Johnson v. State

Annotate this Case

478 S.W.2d 954 (1972)

Albert JOHNSON, Appellant, v. The STATE of Texas, Appellee.

No. 44648.

Court of Criminal Appeals of Texas.

March 8, 1972.

Rehearing Denied May 3, 1972.

*955 Tracy & Cook by Earl W. Tracy, Jr., San Antonio (on appeal only), for appellant.

Ted Butler, Dist. Atty., Antonio G. Cantu, Asst. Dist. Atty., San Antonio, and Jim D. Vollers, State's Atty., Austin, for the State.



This is an appeal from a conviction for unlawful possession of heroin. The appellant plead guilty before the court, and his punishment was assessed by the court at imprisonment for 17 years.

Appellant raises three grounds of error. In his first ground, he contends that the trial court erred in accepting the plea. The record reflects that appellant, when asked by the court, "Are you pleading guilty because you are guilty?" replied, "I am pleading guilty because I have no defense." Thereafter, the court asked appellant: "Well, the question is, are you pleading guilty because you are guilty? You say you have no defense to it? You have no defense to the possession of narcotic drugs and therefore you are guilty?" The appellant responded: "I plead guilty." The court then proceeded to admonish the appellant in accordance with Article 26.13, Vernon's Ann.C.C.P. After the receipt of evidence, and verdict of court, but before passing sentence, the court, in accordance with Art. 42.07, V.A.C.C.P., granted appellant the right of allocution. At that time, appellant stated: "Well, just as to why you shouldn't sentence me, I can't give a reason why you shouldn't, but actually, the sentence that you are about tothey knew this wasn't my heroin, they also know I am not an addict, there is not a needle mark on me anywhere. But, I accept it, your Honor, ..."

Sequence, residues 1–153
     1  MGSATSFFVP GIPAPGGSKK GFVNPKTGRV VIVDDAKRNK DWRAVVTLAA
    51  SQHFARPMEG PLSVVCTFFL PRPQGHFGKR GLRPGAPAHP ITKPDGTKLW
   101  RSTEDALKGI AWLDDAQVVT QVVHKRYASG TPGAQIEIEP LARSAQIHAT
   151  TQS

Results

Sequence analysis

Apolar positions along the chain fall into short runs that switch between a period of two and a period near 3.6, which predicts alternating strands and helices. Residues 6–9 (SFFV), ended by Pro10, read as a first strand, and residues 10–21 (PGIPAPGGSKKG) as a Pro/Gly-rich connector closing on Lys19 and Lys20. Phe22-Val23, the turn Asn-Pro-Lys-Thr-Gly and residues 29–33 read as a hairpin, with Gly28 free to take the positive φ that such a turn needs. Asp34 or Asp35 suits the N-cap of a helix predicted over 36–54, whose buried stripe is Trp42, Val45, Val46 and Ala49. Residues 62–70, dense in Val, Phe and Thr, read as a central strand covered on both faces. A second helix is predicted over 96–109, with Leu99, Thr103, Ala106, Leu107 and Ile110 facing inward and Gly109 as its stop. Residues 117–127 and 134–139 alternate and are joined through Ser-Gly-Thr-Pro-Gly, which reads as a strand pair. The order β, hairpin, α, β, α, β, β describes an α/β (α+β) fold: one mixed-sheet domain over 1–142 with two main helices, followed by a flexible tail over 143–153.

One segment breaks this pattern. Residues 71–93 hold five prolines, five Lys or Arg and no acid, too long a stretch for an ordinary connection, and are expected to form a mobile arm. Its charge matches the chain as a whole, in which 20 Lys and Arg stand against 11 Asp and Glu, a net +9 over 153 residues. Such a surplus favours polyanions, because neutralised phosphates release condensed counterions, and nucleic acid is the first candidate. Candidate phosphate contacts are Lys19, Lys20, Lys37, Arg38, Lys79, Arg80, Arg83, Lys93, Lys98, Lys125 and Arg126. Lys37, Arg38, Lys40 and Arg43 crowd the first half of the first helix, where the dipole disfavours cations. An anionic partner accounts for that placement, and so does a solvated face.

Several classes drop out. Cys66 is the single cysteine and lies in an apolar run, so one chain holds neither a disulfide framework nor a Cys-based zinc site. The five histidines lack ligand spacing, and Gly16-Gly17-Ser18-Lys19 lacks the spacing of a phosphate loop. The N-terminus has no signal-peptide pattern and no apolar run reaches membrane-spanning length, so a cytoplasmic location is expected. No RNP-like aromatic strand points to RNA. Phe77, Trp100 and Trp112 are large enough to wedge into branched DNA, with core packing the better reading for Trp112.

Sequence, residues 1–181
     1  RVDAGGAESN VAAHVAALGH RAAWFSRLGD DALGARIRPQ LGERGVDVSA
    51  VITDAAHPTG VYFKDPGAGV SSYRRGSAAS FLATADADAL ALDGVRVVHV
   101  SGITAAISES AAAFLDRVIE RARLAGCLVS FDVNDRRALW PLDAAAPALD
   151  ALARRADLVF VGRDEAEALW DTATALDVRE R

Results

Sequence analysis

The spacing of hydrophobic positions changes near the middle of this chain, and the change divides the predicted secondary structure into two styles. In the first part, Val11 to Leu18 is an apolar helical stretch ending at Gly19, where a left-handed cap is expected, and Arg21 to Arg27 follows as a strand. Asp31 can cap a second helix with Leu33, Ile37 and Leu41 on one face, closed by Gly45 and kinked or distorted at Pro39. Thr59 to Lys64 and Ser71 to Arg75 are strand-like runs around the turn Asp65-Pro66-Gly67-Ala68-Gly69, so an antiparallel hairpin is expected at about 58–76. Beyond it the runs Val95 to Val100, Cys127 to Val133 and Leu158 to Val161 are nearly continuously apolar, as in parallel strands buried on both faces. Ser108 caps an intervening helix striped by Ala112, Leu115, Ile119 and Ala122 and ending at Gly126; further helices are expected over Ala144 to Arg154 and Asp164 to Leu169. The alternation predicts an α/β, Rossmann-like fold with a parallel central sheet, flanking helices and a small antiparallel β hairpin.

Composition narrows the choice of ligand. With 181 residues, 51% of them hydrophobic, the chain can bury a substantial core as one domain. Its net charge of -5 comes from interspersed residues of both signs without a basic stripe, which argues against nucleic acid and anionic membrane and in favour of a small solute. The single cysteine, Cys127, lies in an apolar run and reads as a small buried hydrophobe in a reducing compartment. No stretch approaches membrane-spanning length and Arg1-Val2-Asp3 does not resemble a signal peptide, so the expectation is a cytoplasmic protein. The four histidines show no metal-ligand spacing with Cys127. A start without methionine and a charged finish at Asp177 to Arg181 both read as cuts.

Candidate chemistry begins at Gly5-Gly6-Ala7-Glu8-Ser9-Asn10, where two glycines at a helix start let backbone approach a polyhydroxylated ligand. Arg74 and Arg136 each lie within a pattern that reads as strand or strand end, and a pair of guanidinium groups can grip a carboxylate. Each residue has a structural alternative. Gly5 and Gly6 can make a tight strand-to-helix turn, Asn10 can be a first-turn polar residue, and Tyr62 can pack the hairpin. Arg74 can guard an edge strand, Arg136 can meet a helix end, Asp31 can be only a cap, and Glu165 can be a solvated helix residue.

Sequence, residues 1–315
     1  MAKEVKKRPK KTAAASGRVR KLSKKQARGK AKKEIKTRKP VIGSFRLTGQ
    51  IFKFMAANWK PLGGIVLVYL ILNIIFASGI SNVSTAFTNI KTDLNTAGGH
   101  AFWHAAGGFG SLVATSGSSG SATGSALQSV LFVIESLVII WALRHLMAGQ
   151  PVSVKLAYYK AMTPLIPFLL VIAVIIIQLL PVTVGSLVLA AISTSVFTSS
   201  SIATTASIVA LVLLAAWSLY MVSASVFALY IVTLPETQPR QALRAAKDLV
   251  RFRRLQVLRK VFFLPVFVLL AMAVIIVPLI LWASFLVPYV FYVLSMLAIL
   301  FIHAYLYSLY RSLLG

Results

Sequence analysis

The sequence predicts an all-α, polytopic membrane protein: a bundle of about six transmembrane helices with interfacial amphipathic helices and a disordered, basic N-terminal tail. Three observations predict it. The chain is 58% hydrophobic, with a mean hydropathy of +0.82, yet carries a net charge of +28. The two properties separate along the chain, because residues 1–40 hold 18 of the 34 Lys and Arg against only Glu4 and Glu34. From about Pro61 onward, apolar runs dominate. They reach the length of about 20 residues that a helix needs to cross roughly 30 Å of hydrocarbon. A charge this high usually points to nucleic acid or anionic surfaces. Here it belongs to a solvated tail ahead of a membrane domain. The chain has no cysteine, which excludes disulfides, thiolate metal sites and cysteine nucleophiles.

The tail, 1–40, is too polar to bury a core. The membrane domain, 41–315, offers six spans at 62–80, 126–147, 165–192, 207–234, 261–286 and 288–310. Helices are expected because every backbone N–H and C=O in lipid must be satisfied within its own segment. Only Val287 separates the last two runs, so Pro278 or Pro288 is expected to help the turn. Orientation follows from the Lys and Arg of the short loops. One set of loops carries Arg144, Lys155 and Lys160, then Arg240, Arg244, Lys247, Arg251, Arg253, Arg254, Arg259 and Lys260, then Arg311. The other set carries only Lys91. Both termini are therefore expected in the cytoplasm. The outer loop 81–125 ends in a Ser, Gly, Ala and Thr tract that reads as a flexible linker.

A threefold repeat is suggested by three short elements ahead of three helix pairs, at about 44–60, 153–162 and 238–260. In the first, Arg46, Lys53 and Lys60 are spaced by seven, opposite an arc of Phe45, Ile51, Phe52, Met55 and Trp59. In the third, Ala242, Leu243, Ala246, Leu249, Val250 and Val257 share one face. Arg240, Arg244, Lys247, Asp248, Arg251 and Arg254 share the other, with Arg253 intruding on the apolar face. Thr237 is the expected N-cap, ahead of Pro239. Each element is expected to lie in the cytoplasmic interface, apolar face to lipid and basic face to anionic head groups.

Appellant contends that in light of this statement by him, that the court improperly accepted the plea. We do not agree. The admonishment was proper, and appellant answered that he was not influenced by fear, threats, abuse, force, or promises. A plea of guilty not supported by an express admission of guilt, if supported by a factual basis, is not violative of the United States Constitution. North Carolina v. Alford, 400 U.S. 25, 91 S. Ct. 160, 27 L. Ed. 2d 162 (1970). In this case, stipulations provided ample evidence of guilt, as discussed hereafter in connection with appellant's second ground of error. In the present case, appellant was obviously aware of the consequences of his plea, and, for whatever reason chose to plead guilty. Appellant's first ground of error is overruled.

In his second ground of error, appellant contends that the stipulated evidence was not sufficient to support the *956 conviction. He points out that in a police arrest report and laboratory analysis report, offered by the State as part of the stipulated evidence, that his name is misspelled. In particular, he points out that in the arrest report, his name is spelled Alfred Johnson, instead of Albert Johnson. He contends that because of the variance, the evidence is sufficient.[1] This contention is without merit.

The written stipulation, signed by appellant and his counsel states "... defendant judicially confesses that on December 2, 1970, in Bexar County, Texas, he did unlawfully possess a narcotic drug to wit Heroin." Appellant further stipulated that "he, the said defendant, is the identical person named in the indictment in the above styled and numbered cause and that all the acts and allegations in said indictment charging the offense of Possession of Narcotics: to wit Heroin are true and correct ...." In light of these stipulations, the evidence is sufficient to support the conviction. McNeese v. State, 468 S.W.2d 801 (Tex.Cr.App.1971). Appellant's second ground of error is overruled.

In his third ground of error, appellant contends that he was denied the effective assistance of counsel. He raises several objections to the circumstances surrounding his arrest, and the admission of the fruits of a search. He contends that his trial counsel failed to develop certain evidence at the hearing on a motion to suppress, which was held prior to the trial. (Apparently appellant changed his plea after the motion was denied.)